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Homology independent genomic sequence replacement

Dr Ralf Kühn, Max Delbrück Center for Molecular Medicine; Eric Danner, Max Delbrück Center for Molecular Medicine



Advances in genome sequencing and targeted editing technologies have enhanced the feasibility of genome engineering approaches, especially with respect to potential future therapeutic applications. Nevertheless, there are still major limitations in terms of editing efficiencies and a broad access to relevant and desired cell types. Current cell manipulation and therapy approaches that aim for a site-specific exchange of DNA sections are based on classical homologous recombination strategies for precise and controlled sequence replacement. As homology directed repair (HDR) is not readily accessible to non-dividing cells, which are composing most of the adult tissue, this creates a barrier for the development of novel treatments for a wide range of genetic disorders as well as for the understanding of fundamental biological principles. Thus, new editing technologies are required that can overcome existing constraints.


The novel genetic replacement strategy HIROS (Homology Independent Replacement of Sequences) is based on CRISPR/Cas9 genome modifications by selecting suitable guide RNAs that excise a desired genomic fragment by creating two double strand breaks in the presence of a donor plasmid. The donor plasmid carries the substitute fragment and is designed to be cut in parallel releasing such fragment. Flanked by the double stranded breaks the presence of the substitute fragment leads to a high rate of sequence replacement (about 30%) through integration into the gap created by excision of the undesired genomic DNA segment. It has been shown that this replacement strategy is achieved by the non-homologous end joining (NHEJ) pathway of DNA repair. Consequently, the novel DNA replacement strategy is not dependent on homology sequences. Nevertheless, it can still be applied in a targeted manner promoting directed sequence replacement in the correct orientation. In contrast to the general belief that NHEJ is an error-prone process it has been demonstrated that in presence of a substitute fragment this replacement is mainly error-free. Thus, this new methodology opens up a whole new field of genomic manipulation and repair strategies, as NHEJ is not associated with particular phases of the cell cycle. In particular, non-dividing cells can be efficiently and easily addressed for the first time creating the potential for new avenues for basic research as well as for therapeutic and cell therapy approaches in the future.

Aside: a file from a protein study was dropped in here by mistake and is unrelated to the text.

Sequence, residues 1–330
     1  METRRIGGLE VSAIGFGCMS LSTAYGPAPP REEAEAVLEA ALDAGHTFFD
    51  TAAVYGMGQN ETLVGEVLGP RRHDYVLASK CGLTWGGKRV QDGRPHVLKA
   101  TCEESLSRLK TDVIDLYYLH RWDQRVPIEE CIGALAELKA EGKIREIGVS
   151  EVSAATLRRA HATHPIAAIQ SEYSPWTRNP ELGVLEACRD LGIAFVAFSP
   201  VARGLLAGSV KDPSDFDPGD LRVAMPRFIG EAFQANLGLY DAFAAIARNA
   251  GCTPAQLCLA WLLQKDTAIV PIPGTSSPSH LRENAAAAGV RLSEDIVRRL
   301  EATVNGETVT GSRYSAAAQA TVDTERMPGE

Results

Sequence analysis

Commercial Opportunity

The technology is offered for in-licensing or collaborative development.

Development Status

Proof of concept has been demonstrated by using fluorescent reporter systems in genetically modified HeLa and HEK293 cells. Cas9 and substitute DNA delivery has been performed by transfection of plasmids and/or minicircles. Replacement efficiencies of up to 30% have been demonstrated resulting in up to 90% of correct replacement events.

Patent Situation

A European priority application (EP17209549.9) has been filed in January 2018.

Further Reading

Manuscript in preparation.


Homology independent genomic sequence replacement

Outline of the novel replacement strategy (HIROS) based on DNA repair by NHEJ

The figure shows the excision of a genomic sequence segment [e.g. an exon harbouring a mutation (*)] by two flanking DSBs created by Cas9 and specific guide(g)RNAs. Non-homologous end joining (NHEJ) is available throughout all phases (except M - mitosis) whereas homology directed repair (HDR) by the homologous recombination pathway occurs only in the S and G2 phases in addition to NHEJ. DSB repair through homologous recombination requires a repair vector which includes a wildtype exon sequences identical to the genomic region flanking the DSBs. The novel HIROS strategy relies on the NHEJ DSB repair pathway which is available in dividing and non-dividing cells. Sequence replacement is achieved by an external, e.g., minicircle vector opened by Cas9. The generated fragment including a wildtype intron is ligated by NHEJ enzymes into the genomic gap. Small sequence duplications remain within the intron sequences but should not affect gene function.